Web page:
Clean air where you live?

Monday May 26, 2014 20:52

In Eindhoven they know. Locals can follow air quality data for the Dutch “city of light” online, in real time. Last year, it became the first place to introduce AirBoxes to measure concentrations of particulate matter. Now is the time for more towns and cities to follow. Time for councils to join hands with residents, businesses and scientists to keep their communities healthy.

Making the invisible visible
Airborne particulate matter (PM) can be dangerous, especially for the elderly and cardiovascular patients. That is why the European Union has set both limits and target values for air quality. In the Netherlands we measure compliance with these at the national level, but little has so far been done locally. There is now an affordable solution, though, and ECN has helped develop it. As the name suggests, the AirBox is a small box containing sensors which measure air quality on a permanent basis.

AiREAS, the Eindhoven experiment
Eindhoven introduced 35 AirBoxes in autumn 2013. They measure PM and ultrafine particles (UFPs), with nitrogen dioxide (NO2) monitoring to be added soon. Thirty boxes are installed at fixed points around the city, hung from lampposts, with the other five kept in reserve as mobile units for use during events or emergencies. Updated every ten minutes, the data they record is available online at www.aireas.com.

Results
Thanks to this system, residents can track levels of polluting particles in their own neighbourhoods. It also reveals just how much road traffic affects the air quality in a particular area. And the results from 31 December 2013 proved especially interesting. Throughout New Year’s Eve there were peaks in PM levels, apparently due to fireworks. The greatest amounts were measured along Boschdijk, one of Eindhoven’s main traffic arteries, and the biggest peak occurred at about 12.30am. A scientific analysis of the causes of these observations and their effects will be made available later this year.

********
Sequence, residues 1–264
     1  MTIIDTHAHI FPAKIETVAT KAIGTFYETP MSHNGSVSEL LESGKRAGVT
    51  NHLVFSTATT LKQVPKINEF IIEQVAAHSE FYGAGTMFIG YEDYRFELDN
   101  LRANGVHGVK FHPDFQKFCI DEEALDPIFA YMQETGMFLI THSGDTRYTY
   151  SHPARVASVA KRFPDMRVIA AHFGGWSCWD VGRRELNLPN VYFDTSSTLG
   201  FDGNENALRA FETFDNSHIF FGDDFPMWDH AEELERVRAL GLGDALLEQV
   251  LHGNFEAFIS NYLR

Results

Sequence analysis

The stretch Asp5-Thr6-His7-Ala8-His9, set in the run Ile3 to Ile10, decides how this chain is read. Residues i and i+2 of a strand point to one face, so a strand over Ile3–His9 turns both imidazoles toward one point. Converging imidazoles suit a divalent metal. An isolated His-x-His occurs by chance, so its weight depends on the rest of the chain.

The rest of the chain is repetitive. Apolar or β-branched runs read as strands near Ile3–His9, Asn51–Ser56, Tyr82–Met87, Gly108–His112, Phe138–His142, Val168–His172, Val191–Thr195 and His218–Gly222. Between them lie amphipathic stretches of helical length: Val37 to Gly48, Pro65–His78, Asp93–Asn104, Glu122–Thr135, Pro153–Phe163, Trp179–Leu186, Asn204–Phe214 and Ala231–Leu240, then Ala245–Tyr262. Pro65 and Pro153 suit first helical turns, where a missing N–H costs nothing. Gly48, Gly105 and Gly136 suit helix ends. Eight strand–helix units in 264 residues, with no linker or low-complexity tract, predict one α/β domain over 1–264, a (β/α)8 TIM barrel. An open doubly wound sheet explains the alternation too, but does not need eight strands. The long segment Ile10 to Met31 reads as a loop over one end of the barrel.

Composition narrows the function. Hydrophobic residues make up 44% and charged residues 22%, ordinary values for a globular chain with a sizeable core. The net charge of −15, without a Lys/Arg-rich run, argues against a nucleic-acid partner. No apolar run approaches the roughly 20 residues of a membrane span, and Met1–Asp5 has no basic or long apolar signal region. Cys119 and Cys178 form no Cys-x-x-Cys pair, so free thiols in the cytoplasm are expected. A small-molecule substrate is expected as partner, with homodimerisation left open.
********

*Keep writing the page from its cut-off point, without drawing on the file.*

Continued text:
Health communities
Businesses, scientists and students are all contributing to the Eindhoven experiment. Philips developed the UFP sensor, whilst the PM sensor, the NO2 sensor and the AirBox itself are made by ECN. Imtech developed the data platform for the measurement data. The University of Twente has been helping with geomodelling, and Utrecht University is using the resulting data in its health research. The City of Eindhoven and the Province of Noord-Brabant have also been involved since the outset.

We are proud of the success of the AirBox and the results of the AiREAS experiment. Interested in introducing the system in your area? Or in its technical potential? Then please do contact us.

Category: Mei, Environment